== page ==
"The response of the past two years was so overwhelmingly positive that we had to keep going," states Hoogenberk. "We also knew that we had to up the ante. And so the 2008 eHarlequin.com 100,000 Book Challenge for literacy was born. Last year we capped the number of participants and still easily surpassed our target. Since the event has generated such positive feedback, and in order to reach our goal of 100,000 books read, we've decided to leave registration open-ended this year."

There are no hard and fast rules other than participants being asked to have at least 50% of their list be novels published by Harlequin. This allows readers to discover the outstanding breadth of editorial Harlequin has to offer. The other 50% of books can be any genre by any publisher. Likewise, all formats—print, eBooks, audiobooks, etc.—are acceptable, and readers are encouraged to seek them out and give them a try.

The range and diversity of Harlequin readers is not confined solely to the type of books they read or the medium in which they enjoy them. The online nature of the eHarlequin.com community illustrates the significant power of books to unite readers in a global way. Geographic boundaries have become meaningless in this venture as the challenge brings together readers from countries as varied as Germany, France and the Philippines, as well as Harlequin editors in Toronto, New York and London and Harlequin authors from around the world.

The 2008 eHarlequin.com 100,000 Book Challenge is taking place right now at eHarlequin.com.

About Harlequin Enterprises Limited
Harlequin Enterprises Limited is the global leader in series romance and one of the world's leading publishers of women's fiction, with titles issued worldwide in 25 languages and sold in 94 international markets. The company releases over 115 titles monthly and publishes more than 1,300 authors from around the world. Harlequin Enterprises Limited is a wholly owned subsidiary of Torstar Corporation, a broadly based media company listed on the Toronto Stock Exchange (TS.nv.b). Harlequin's website is located at www.eHarlequin.com. Harlequin has offices in 18 countries, including offices in Toronto, New York and London. For more information please visit www.eHarlequin.com or press.eHarlequin.com.

About National Center for Family Literacy
The National Center for Family Literacy (NCFL) is the worldwide leader in family literacy, an intergenerational approach to help families escape poverty through education. More than 1 million families have made positive educational and economic gains as a result of NCFL's work, which includes training more than 150,000 teachers and thousands of volunteers. Educators, policymakers and philanthropists rely on NCFL to mobilize family literacy efforts, conduct research and develop new, effective tools to leverage the learning relationship between parents and children. Family literacy, pioneered by NCFL, is a powerful community strategy for raising educational levels, improving workforce skills and breaking the cycle of poverty. Visit www.famlit.org to learn more, make a donation, locate a literacy program in your area or find out how to become a volunteer.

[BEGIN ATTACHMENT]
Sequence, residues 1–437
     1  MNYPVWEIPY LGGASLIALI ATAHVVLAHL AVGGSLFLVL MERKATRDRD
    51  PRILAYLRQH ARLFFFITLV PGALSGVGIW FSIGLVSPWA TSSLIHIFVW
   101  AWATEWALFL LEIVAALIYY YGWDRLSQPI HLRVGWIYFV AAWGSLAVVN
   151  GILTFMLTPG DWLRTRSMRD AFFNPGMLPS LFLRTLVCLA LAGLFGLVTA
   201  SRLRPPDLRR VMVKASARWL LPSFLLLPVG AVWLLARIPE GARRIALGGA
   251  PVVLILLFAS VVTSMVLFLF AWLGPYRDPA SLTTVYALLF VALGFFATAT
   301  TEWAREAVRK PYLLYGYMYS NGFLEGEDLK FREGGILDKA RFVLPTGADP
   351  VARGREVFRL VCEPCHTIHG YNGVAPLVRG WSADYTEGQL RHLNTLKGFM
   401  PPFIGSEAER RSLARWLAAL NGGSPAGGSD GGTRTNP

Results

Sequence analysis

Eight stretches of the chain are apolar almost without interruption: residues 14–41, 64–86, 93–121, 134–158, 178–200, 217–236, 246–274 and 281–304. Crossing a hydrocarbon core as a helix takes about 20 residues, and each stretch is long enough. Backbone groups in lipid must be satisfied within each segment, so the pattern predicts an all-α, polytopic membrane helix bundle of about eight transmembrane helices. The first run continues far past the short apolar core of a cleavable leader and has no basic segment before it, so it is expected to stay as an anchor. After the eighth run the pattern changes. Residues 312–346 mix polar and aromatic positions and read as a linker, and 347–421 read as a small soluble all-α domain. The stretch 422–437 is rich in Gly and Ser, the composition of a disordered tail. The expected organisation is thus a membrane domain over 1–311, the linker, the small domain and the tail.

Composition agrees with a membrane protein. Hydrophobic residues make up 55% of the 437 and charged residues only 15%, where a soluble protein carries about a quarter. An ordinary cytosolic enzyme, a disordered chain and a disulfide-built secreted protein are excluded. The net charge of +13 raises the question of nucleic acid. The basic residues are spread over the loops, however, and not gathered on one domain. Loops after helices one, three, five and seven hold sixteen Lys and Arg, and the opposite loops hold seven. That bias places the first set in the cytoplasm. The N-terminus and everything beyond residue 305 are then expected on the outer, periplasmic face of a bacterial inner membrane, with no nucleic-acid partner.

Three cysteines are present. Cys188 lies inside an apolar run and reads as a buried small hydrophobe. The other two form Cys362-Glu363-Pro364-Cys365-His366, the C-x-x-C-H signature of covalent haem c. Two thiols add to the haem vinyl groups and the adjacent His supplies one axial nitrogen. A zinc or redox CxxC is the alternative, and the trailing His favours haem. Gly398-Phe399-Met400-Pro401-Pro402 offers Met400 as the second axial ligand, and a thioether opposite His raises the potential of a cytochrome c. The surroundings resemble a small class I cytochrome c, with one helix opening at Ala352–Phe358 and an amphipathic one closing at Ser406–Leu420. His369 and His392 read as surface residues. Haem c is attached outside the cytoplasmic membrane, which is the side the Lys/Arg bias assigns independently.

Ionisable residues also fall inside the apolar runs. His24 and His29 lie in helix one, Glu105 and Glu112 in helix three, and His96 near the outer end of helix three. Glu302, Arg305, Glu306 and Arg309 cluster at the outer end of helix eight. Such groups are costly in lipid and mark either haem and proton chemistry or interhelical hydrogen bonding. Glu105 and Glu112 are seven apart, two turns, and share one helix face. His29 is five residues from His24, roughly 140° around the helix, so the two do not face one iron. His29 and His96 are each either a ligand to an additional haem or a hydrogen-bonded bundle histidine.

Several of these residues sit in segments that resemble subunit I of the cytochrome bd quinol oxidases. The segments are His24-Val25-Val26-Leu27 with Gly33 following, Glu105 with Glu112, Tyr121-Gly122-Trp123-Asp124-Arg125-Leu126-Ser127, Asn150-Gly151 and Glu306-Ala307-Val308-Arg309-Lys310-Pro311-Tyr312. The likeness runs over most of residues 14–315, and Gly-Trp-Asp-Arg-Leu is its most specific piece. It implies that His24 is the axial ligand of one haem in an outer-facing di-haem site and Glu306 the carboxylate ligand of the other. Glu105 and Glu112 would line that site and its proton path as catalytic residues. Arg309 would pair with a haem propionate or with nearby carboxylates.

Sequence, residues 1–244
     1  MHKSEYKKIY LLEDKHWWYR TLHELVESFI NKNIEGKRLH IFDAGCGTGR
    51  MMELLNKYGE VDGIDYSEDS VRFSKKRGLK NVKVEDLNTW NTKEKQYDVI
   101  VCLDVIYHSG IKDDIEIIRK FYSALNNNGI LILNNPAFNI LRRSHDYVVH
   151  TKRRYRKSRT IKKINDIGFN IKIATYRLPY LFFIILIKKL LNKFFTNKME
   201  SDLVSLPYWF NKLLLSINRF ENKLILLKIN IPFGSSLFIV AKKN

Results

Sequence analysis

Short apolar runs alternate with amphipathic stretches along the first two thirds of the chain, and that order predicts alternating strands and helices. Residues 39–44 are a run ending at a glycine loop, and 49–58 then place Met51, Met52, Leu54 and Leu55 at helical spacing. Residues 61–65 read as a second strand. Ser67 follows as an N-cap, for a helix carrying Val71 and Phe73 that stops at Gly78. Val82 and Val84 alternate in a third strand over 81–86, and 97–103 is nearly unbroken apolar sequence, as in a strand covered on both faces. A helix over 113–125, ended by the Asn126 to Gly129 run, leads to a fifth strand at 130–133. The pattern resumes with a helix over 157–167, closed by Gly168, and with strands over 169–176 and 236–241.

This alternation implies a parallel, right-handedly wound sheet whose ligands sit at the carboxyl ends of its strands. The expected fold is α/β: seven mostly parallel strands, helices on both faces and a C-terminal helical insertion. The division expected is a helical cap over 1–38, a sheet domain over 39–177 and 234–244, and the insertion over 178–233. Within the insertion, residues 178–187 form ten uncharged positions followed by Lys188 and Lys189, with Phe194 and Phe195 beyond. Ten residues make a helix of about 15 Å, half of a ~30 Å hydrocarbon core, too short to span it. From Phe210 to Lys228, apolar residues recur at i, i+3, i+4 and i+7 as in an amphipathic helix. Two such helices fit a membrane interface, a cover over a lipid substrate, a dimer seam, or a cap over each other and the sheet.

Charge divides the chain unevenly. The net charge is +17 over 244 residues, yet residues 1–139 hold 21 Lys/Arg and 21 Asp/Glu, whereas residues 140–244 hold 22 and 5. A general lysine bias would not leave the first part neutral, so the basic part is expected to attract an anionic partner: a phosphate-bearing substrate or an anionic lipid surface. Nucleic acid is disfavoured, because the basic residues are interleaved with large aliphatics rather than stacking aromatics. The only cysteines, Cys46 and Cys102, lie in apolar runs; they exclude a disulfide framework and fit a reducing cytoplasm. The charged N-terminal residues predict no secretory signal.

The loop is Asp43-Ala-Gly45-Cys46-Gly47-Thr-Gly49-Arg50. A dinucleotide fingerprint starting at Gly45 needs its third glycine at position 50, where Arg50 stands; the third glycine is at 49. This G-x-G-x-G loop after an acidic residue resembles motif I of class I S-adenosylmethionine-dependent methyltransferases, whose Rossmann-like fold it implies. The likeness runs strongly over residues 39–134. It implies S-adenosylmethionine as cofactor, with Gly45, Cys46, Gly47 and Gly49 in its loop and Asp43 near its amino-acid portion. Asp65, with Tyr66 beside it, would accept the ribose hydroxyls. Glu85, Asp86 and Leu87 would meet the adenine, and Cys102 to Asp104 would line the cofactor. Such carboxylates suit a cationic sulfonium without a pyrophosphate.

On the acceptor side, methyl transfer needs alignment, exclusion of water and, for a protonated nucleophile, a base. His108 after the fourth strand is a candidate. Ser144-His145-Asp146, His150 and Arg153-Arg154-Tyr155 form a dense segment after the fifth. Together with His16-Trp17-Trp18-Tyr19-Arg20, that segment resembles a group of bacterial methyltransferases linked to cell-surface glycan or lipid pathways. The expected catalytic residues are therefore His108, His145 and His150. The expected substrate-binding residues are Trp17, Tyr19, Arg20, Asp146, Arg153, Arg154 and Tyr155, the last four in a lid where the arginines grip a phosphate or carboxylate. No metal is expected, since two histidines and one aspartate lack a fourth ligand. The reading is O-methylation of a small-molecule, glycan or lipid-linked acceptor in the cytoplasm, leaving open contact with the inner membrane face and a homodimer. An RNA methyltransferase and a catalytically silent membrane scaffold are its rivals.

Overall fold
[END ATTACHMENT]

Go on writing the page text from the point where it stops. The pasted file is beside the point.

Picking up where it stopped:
Media Contacts:

Don Lucey
Senior Writer, Public Relations Communications
Harlequin Enterprises Limited 416) 391-7094
don_lucey@harlequin.ca

Carla Blanton
National Center for Family Literacy
859-608-4850
cblanton@famlit.org

Friday, May 9, 2008

Writing with Kids

I've been remiss in posting here. Why? I spent half of April doing my taxes because I’d procrastinated. Then I had to catch up.

Once the tax returns were sent out, I was busy chauffeuring my daughter to the Regina Music Festival. We live one hour from the city and she was entered in 5 classes. That was 4 separate trips because they scheduled one class per day except for the last one.

While chauffeuring, I found that reading author, editor and agent blogs and adding comments are great time fillers. It’s not that I had a lot of extra time, it’s just that I had smaller portions of it between activities.

I belong to an ACFW critique group with 3 other ladies and we’re busy emailing chapters back and forth. But I won’t read a chapter if I haven’t got at least an hour to devote to critiquing it. So I’m about 5 chapters behind with those.

Some writers have a goal of 1 page a day. Or 150 words per day. I can’t write like that. I need a couple hours at a time – big chunks of time so that I can engross myself in my story and get into the heads of my characters. And I don’t like interruptions. So, I’m mucho chapters behind in my writing.

In order to make up the time, I tried carrying my laptop down to my bedroom and closing the door. And I tried staying in the living room but putting ear plugs in. Both of these methods were effective for my writing. However, I realized somewhere at the start of May that I was depriving myself of something important.

My kids.

The 3 kids I still have at home are aged 9-17 yrs. And except for youth related church activities or lessons in the city, they’re usually home every evening.

Think about that. My pre-tween to teen kids voluntarily stay home every evening. They’re not out with their friends on the streets. They’re not begging us to take them to the movies. They’re not hanging out at the mall. They’re at home where it’s safe. With us, their parents.

They get home from school at 4 and they’re off to bed by 10. That’s 6 hrs that I have to shower them with love and I’ve been ignoring them. Not good.

At the beginning of May, I came to a decision. While the kids are home, I won’t have anything to do with writing unless I’m under a deadline. I won’t play around with a deadline because it’s a commitment that I’ve made and it should be honoured.

So, in the evenings now, I’m there with the kids, in the living room. And they basically ignore me. Until it’s a commercial. Or until they finish their game. But then they immediately turn to me for my attention. And now, I’m there, ready for them.

I always did my best writing between 10 pm and 3 am anyway.